Dross is generated during melting of aluminium. Typically 15-25 kg of dross is produced per metric ton of molten aluminium [1]. The main constituent of dross is aluminium, which varies from 8-80% depending upon grades. Apart from aluminium metal, dross may also contain other chemical compounds e.g. MgF2, SiO2 and MgO etc [2]. A number of investigations have been carried out to extract alumina from different types of secondary sources such as micas, anorthite, spent catalysts [3, 4], clays and kaolins [5, 6], fly ash [7] etc. Attempts have been made to extract alumina from the secondary sources by adopting either pyro- or hydrometallurgical methods [8, 9]. All these secondary sources have the potentials to be the industrial raw material as they are rich in alumina content.

Amer carried out the dissolution of waste dross in sulphuric acid in order to produce highly pure aluminum sulfate [10]. However, the process has found little practical application because of the environmental hazard due to the highly corrosive nature of the concentrated acid and alkali involved. Miskufova et al studied the leachability of aluminium from aluminium dross fines in alkaline solution at atmospheric condition [11]. He found a maximum extraction of about 42 % of total Aluminium content by leaching of dross fines in 10 % NaOH solution.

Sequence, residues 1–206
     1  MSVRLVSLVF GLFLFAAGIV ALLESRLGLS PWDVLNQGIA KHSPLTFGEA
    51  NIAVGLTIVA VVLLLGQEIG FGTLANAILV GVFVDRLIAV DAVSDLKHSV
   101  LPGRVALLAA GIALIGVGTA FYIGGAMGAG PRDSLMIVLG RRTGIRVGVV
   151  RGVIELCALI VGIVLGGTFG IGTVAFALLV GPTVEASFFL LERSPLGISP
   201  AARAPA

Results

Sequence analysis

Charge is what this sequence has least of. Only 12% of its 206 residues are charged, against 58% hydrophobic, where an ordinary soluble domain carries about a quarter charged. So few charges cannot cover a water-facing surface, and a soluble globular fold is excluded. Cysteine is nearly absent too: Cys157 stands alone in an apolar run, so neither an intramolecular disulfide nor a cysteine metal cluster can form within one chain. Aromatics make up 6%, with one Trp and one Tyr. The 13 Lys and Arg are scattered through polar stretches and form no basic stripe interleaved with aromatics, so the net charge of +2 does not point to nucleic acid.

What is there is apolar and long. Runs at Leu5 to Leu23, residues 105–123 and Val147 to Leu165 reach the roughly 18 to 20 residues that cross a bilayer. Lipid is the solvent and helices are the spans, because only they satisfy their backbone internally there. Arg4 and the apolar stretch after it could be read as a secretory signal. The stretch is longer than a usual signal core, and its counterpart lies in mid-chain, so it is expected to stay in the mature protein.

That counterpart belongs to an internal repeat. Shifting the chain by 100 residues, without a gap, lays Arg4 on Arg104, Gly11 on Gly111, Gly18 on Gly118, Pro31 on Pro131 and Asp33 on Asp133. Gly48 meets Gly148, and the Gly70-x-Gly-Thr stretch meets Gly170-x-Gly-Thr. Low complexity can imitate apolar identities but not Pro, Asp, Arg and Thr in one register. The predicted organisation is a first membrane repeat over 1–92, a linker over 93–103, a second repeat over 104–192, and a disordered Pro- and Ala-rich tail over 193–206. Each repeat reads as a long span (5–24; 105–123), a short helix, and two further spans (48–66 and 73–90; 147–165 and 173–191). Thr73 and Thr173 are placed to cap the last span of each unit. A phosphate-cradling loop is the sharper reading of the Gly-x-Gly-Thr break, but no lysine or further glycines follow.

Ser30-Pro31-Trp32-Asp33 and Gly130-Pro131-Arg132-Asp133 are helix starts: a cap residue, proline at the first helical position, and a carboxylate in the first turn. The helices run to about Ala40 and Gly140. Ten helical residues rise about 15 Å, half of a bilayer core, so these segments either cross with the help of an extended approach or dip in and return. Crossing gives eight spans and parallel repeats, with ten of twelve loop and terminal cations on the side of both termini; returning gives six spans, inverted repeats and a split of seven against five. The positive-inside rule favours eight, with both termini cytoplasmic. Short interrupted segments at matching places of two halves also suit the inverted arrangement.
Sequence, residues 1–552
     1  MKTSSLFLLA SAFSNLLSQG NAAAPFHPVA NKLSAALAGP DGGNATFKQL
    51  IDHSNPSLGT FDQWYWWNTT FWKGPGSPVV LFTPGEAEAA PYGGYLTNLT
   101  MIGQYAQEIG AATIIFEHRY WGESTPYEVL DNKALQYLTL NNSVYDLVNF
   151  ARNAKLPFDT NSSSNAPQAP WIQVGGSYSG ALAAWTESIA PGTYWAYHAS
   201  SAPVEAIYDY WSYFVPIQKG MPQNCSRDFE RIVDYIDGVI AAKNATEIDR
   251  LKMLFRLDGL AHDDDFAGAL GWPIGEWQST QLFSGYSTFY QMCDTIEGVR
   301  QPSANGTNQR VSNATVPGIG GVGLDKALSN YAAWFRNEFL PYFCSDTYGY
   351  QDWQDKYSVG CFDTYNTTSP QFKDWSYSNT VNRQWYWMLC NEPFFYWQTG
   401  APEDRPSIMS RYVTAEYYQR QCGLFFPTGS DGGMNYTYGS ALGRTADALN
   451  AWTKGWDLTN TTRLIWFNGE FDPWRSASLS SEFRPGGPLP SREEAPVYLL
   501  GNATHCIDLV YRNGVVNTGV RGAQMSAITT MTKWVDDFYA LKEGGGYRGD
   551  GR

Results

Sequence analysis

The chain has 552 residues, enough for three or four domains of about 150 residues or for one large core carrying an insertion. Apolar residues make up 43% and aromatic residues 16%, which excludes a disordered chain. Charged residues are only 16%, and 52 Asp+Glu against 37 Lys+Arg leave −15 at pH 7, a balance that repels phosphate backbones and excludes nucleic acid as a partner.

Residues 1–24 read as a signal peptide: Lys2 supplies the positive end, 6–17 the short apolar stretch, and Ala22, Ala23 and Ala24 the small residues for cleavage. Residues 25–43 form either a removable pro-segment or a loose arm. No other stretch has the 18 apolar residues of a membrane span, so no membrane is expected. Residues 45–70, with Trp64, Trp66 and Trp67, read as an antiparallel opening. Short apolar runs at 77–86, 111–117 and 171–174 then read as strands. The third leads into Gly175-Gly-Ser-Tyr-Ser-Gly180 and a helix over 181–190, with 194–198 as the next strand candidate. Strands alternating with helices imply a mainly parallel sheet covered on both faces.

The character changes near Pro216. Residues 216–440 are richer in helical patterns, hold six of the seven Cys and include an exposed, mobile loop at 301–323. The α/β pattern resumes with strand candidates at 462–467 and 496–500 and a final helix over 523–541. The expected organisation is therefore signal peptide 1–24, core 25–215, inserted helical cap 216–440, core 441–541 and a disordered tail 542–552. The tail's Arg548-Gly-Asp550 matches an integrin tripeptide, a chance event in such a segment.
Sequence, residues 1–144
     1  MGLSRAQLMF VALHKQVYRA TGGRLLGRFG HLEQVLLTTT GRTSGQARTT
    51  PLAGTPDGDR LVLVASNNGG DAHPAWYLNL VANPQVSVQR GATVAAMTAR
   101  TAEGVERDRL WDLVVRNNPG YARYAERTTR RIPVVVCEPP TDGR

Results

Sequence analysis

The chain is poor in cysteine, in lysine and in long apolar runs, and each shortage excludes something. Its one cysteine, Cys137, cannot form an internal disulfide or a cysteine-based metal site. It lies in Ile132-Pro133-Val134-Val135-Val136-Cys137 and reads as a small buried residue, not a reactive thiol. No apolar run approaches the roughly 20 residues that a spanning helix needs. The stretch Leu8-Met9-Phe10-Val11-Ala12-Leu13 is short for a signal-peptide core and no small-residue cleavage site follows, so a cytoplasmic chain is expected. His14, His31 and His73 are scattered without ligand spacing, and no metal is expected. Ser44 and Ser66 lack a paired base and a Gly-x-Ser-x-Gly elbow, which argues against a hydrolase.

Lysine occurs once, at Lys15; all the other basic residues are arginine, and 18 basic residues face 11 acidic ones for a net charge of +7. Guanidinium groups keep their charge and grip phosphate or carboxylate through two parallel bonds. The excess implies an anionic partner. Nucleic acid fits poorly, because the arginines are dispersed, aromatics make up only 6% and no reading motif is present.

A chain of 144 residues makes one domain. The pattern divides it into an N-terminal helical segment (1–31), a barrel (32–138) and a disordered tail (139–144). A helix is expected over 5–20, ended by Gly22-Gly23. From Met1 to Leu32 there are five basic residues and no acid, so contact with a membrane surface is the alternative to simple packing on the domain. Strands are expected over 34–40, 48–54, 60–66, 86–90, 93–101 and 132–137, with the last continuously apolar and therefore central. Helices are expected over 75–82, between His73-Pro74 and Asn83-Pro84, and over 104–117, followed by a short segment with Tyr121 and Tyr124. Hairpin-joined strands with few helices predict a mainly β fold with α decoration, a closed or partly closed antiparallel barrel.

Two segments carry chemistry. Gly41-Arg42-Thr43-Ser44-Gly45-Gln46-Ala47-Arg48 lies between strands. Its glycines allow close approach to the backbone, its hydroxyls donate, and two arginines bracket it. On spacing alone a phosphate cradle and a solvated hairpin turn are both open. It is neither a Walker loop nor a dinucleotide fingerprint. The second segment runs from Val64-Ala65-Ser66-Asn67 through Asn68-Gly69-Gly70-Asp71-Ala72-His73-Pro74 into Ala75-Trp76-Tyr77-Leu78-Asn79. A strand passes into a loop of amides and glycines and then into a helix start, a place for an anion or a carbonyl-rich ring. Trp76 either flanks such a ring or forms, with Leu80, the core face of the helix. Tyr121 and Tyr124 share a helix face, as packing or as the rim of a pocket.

Beaulieu et al developed a process for preparing aluminium chloride by (i) leaching aluminium dross residues with HCl, (ii) hydrochlorinating the liquid to form a precipitate comprising aluminium chloride and (iii) converting aluminium chloride into alumina [12].

Lucheva et al [13] described a process - similar to Bayer’s process - for recovery of Al(OH)3 from black aluminium dross. They leached dross in 10% NaOH solution at ambient temperature for 2 hours and precipitated Al(OH)3 by bubbling CO2 through the leach liquor. Park et al also noted that alkaline leaching of aluminium dross followed by precipitation of aluminium hydroxide Al(OH)3 is a potential method for the recovery of alumina from dross [14]. This method of fine aluminium dross processing is economically and environmentally convenient. However, dross is a very heterogeneous material and applicability and efficiency of proposed method for individual dross samples should be experimentally investigated